3RSN seeing higher streaming numbers during lockdowns

With COVID-19 restrictions turning meetings into video conferences, office work into working from home and students into home learners, now is the time to shine for the Third Region Sports Network, the 10-year-old online streaming service run by five local men that allows viewers to watch live games from the comfort of YouTube.

The network, called 3RSN for short, is run by Todd Keown, Joe Kreisle, Dwayne Wroe, Kevin Linn and Danny Gray, and it began in 2010 when Keown was attending a game in Cannelton and saw that they were streaming on a service called IHigh.com.
He asked some questions and contacted IHigh and then got with the other four and they decided to begin streaming Hancock County games on the site as well.
None of the men had any real tech experience, and especially not in something like live online video streaming, which is still a new thing to large segments of the public even today.
“A lot of trial and error,” said Joe Kreisle.

IHigh hosted their livestreams and they had a contact there who helped them out when they didn’t know what to do or had issues.
“He had to hold our hand through everything,” said Keown.
“Of course we had bare bones equipment,” said Kreisle. “They should’ve doubled his salary for as many times as me and Todd called that guy and heckled that guy.”

The guys got started in March 2010 and their debut was streaming an HCHS girls’ softball game, but it didn’t go exactly as planned.
“It was audio only because we didn’t have everything figured out,” Keown said. “And then our first actual stream was McLean County and Hancock girls’ softball.”
Despite trying to figure things out as they went, the guys got a confirmation of the value of 3RSN in spring of 2010.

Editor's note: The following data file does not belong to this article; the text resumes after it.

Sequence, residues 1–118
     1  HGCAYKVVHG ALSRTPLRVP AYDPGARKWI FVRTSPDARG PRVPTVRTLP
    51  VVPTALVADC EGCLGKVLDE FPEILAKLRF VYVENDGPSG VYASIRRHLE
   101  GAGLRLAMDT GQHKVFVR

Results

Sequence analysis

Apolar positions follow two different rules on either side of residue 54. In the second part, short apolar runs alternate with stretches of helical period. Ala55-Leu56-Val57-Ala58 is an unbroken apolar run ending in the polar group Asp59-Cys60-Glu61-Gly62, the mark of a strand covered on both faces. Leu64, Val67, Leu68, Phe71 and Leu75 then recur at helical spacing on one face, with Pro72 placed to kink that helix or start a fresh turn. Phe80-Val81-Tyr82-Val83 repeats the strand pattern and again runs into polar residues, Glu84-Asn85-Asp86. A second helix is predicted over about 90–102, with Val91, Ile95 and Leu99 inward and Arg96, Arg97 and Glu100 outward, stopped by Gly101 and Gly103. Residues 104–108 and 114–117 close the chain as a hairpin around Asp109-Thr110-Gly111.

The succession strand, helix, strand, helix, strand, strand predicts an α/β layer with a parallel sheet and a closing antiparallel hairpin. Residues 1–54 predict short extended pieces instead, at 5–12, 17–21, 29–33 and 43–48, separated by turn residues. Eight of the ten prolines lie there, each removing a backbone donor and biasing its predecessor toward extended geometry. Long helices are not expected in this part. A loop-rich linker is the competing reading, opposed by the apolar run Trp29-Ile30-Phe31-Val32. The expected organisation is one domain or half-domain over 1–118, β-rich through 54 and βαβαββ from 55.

They were preparing to livestream a baseball game at Dawson Springs where Hancock County was set to play Fort Campbell when Keown asked the opposing coach for their lineups. When he coach asked why they needed it Keown said the game video would be streamed online live.
“Some of their kids heard that and they made a mad dash into their dugout and started getting their phones out and we go what’s going on?” Keown said. “He said well I’ve got four kids on my team that their mother or father’s in Afghanistan and if they can get a hold of them they can watch them play.”

Depending on the sport, there might be two guys calling the game, with one of them running the camera for the livestream. Each of the guys has a certain specialty of sorts, depending on the season.
“Kevin and Joe do football, me and Dwayne do basketball, and then Joe does softball,” Keown said. “And Danny does basketball too and he kind of fills in for any of us.”
They are local guys and they root for their team, the Hornets.
“We’re for Hancock County and we don’t apologize,” said Kreisle. “Now we’re not going to disrespect our opponent, but we’re for Hancock.”
Getting community and school support for the network in 2010 was easy, but getting financial support wasn’t so much, he said.
“Let me tell you that was a tough sell when we first started,” he said. “And then how do you give sponsor fees to something you don’t even know if it’s going to work? But they did, and we’ve got some sponsors that’s been with us the whole time.”